Read full article Conservatives criticise 'two day a week' Baker

Reasons to be cheerful from Iain Duncan Smith?

Iain Duncan Smith

Borrowing may be up, immigration rising and the number of foreign prisoners stubbornly high.

But whisper it quietly: the government's plan for a new universal credit is no longer causing quite so many red faces around Whitehall.

Read full article Reasons to be cheerful from Iain Duncan Smith?

How will life change for UKIP?

Nigel Farage

UKIP has won a foothold in Westminster. This matters because it gives the party:

1) A voice in parliament. UKIP now has the chance to quiz David Cameron once a week at prime minister's questions. It can also table amendments and instigate debates. The full panoply of parliamentary pressure and publicity is now available to it.

Read full article How will life change for UKIP?

Lib Dems seek centre 'gap' as Tories and Labour shift

Political parties claim their annual conferences are a shop window to the wider world.

They speak to the country, so the jargon goes, and not to the hall.

Read full article Lib Dems seek centre 'gap' as Tories and Labour shift

David Cameron in Afghanistan at 'end of an era'

David Cameron shakes hands with a British soldier at Camp Bastion

There are 2,700 British troops left in Afghanistan - most of them here at Camp Bastion - and hundreds of them gathered round the prime minister to hear him thank them one last time before they leave at the end of the year.

Camp Bastion was once a huge military city in the desert, a headquarters the size of Reading that served 137 British bases across Helmand.

Read full article David Cameron in Afghanistan at 'end of an era'

Islamic State strikes: UK expects 'long game' in Iraq attacks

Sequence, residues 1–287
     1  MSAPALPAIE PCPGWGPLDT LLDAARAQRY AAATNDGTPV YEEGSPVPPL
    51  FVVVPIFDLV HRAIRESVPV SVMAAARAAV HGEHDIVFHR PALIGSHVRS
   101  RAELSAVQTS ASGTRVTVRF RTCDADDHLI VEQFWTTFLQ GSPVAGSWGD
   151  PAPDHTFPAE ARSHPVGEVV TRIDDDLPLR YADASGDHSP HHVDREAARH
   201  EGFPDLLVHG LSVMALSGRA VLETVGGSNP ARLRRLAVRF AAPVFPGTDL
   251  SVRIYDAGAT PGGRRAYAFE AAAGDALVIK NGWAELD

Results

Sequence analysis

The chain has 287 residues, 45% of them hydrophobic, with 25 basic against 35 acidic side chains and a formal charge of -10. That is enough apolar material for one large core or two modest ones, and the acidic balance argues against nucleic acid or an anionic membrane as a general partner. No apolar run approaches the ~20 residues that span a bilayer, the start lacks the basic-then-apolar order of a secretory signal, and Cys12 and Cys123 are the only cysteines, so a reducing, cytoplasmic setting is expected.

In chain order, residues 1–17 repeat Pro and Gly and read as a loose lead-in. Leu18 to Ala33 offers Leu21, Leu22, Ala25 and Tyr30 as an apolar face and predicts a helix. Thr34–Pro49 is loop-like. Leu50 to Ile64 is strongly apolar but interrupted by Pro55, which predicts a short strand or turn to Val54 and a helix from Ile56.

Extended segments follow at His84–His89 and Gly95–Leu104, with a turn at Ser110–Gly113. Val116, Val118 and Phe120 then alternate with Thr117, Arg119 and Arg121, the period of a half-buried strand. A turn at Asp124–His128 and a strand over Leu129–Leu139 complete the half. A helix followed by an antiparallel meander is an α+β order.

A screengrab from a video apparently showing armed Islamic State fighters
MPs are expected to give their backing to air strikes against Islamic State

"Don't expect fireworks." That was the view of one government source describing the imminent military action by RAF warplanes against Islamic State (IS) targets in Iraq.

Instead of one or two symbolic attacks, the source said there would be a steady stream of air strikes as and when IS targets presented themselves.

Read full article Islamic State strikes: UK expects 'long game' in Iraq attacks

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About James

James has been walking the streets and corridors of Westminster for almost two decades. He has worked in his current role as the BBC's deputy political editor since July 2009. Before that he spent five years as chief political correspondent leading all 24-hour news coverage from Westminster.

He has presented programmes such as The Andrew Marr Show, The Westminster Hour, The World This Weekend, Broadcasting House, Daily Politics and Straight Talk.

James joined the BBC in 2003 after a spending a decade at The Times newspaper, primarily as a political correspondent in the Westminster lobby. He also worked as the paper's Brussels correspondent and assistant foreign news editor.

He has written two books, Duel: A True Story of Death and Honour and Landale's Cautionary Tales: Comic Verse for the 21st Century.

He lives with his family in Hampshire.